Boost for UK's superfast computer
Britain's most powerful super computer has received a £52m boost from the government.
When it is built in 2007, the high spec number cruncher will be faster than any in Europe.
The High-End Computing Terascale Resource, or Hector as it is known, will be owned by the Research Councils of the UK.
It will be used by scientists to simulate everything from climate change to atomic structures.
The new supercomputer could run at speeds of up to 100 teraflops and will be able to carry out up to 100 trillion calculations every second, 100,000 times faster than an ordinary computer.
However, it is unlikely to ever be pushed to its limits, achievable only for short bursts of time that are too small for scientists to run their programs properly.
The next generation machine will supersede two existing supercomputers already used by British scientists.
The CSAR computer, at the University of Manchester, will be decommissioned in June this year, while the more powerful HPCx, run by a consortium led by the University of Edinburgh, will continue to run until December 2008.
Science minister Lord Sainsbury announced the government's investment in the supercomputer.
"The computational limits of the existing facilities are now being reached," he said.
"Complex research programmes place increasing demands on the computing power available."
However, it is not just a simple case of building a bigger or faster computer according to Jennifer Houghton, project manager of Hector. Instead, the challenge is helping scientists to design computer programs that are able to run on such a powerful system.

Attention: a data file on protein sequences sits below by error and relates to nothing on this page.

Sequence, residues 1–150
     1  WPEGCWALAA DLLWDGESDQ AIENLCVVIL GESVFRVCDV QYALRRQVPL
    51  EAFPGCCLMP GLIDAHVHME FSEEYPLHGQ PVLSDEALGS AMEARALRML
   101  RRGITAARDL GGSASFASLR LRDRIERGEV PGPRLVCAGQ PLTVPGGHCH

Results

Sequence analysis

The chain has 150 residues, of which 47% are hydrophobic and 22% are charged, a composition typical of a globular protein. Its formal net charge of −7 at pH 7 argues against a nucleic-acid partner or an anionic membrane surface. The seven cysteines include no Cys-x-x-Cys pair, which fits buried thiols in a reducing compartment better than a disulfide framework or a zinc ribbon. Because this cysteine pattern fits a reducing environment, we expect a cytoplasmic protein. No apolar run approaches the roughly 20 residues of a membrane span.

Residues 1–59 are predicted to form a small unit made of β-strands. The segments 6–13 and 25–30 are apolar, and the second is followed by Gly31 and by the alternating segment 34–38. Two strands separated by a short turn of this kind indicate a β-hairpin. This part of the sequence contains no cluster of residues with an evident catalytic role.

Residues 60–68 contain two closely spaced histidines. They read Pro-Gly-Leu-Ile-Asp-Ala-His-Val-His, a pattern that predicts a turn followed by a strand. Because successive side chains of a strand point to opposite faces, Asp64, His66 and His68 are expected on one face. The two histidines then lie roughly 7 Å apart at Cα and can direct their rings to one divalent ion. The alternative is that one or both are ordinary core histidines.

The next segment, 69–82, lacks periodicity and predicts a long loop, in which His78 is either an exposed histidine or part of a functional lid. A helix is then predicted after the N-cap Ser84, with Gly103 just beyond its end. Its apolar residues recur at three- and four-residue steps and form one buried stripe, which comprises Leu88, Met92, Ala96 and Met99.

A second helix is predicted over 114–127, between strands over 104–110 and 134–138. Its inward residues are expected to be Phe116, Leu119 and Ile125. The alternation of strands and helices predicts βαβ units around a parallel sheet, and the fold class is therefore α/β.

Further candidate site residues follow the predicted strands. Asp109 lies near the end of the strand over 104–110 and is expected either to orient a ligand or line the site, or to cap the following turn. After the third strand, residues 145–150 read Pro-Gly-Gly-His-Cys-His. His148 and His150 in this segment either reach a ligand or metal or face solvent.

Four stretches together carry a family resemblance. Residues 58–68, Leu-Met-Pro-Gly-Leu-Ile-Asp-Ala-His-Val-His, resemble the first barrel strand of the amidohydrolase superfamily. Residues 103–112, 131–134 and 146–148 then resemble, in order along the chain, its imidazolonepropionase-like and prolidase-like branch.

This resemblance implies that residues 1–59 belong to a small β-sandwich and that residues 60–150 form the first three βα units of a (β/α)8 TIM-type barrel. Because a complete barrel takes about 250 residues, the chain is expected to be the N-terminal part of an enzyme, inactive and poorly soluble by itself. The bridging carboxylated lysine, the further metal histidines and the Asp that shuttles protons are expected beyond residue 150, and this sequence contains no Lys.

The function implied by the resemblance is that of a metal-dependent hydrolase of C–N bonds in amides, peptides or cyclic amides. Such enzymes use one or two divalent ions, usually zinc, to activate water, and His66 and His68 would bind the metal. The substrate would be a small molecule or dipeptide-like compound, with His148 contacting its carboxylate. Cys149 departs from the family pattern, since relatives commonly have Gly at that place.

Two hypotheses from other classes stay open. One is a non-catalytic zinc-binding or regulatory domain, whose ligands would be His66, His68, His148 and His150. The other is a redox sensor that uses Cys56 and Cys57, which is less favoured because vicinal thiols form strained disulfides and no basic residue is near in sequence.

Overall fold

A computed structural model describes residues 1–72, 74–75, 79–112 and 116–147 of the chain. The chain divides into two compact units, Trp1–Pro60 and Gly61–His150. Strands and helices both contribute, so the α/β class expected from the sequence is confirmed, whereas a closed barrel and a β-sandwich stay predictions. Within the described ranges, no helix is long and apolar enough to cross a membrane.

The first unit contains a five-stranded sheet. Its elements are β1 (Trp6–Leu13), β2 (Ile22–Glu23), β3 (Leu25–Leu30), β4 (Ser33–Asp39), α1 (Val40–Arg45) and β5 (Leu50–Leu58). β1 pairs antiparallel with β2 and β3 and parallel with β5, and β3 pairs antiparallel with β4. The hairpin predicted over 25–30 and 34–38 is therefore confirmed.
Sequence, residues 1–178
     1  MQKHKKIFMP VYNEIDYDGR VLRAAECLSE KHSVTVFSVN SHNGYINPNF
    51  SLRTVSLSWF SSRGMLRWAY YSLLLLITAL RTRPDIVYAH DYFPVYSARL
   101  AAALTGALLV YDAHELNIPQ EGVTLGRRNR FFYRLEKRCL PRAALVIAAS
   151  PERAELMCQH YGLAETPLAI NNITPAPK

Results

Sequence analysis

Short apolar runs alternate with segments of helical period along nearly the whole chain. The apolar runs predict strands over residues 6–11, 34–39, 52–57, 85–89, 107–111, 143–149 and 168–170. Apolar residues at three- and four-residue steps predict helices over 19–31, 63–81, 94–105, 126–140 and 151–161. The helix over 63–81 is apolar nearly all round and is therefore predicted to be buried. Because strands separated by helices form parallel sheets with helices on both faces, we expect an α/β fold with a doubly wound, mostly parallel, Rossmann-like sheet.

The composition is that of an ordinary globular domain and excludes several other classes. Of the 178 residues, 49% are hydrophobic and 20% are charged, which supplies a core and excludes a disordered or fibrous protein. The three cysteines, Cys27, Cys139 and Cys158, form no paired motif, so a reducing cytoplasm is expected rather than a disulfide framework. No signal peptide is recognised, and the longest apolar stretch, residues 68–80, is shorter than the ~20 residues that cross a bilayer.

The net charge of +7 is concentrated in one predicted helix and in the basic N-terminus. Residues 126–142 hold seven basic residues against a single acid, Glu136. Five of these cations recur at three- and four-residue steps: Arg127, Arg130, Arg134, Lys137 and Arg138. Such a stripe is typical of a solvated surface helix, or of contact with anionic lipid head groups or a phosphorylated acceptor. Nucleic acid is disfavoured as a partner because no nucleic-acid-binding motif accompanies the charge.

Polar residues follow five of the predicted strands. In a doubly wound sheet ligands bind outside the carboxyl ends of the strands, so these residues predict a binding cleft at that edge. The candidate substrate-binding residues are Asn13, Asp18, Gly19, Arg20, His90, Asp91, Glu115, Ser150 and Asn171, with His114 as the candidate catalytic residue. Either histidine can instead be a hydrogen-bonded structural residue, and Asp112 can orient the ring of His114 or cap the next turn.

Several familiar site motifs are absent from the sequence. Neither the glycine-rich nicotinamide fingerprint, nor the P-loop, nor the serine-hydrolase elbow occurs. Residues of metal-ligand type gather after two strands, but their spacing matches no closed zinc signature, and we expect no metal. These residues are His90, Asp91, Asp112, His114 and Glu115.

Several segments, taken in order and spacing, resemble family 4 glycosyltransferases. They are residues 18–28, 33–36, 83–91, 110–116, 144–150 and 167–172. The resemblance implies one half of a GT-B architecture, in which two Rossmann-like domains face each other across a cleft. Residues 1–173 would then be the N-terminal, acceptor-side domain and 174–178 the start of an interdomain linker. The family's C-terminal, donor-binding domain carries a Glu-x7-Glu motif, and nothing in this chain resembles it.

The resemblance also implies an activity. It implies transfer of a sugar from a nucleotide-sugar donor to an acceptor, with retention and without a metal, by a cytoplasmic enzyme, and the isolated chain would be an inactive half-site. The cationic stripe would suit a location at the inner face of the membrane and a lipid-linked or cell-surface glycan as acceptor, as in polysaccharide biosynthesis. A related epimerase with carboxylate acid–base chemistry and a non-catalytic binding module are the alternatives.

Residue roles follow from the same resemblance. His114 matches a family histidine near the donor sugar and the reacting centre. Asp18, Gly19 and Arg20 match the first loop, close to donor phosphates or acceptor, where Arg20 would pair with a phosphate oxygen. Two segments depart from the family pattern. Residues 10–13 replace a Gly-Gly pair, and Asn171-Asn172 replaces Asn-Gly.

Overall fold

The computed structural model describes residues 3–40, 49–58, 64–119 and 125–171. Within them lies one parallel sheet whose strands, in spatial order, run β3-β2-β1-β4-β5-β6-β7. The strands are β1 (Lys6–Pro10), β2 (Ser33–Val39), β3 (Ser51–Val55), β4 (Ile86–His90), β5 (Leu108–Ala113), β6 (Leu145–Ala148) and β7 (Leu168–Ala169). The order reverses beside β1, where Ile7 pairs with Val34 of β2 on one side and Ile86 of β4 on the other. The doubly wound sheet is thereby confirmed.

"The technical barrier is getting the codes to scale up," she told the BBC website.
"The challenge of a big system like Hector is being able to utilise its full capability."
Some of the funds being put into the new system will therefore go into training scientists and programmers to unlock this potential.
Hector will be more than six times as powerful as the current fastest machines in the UK. These are owned and operated by the European Centre for Medium-Range Weather Forecasts (ECMWF).
Their two identical computers operate at about 16 and a half teraflops. They run in parallel so that if there is a problem with one, the centre's forecasting ability can continue.
Later this year, they will both be replaced by a pair 80% faster.
However, even the combined power of the new computers will be no match for IBM's Blue Gene/L. This worldbeater is able to perform a staggering 280.6 trillion calculations per second.
The computer has more than 130,000 processors and is installed at the Lawrence Livermore National Laboratory in California.
So far, no other supercomputer has broken the 100 teraflops barrier.
Although it already tops the rankings of the list of the Top 500 supercomputers on Earth Blue Gene/L still has not reached its maximum performance, thought to be in excess of 367 teraflops.
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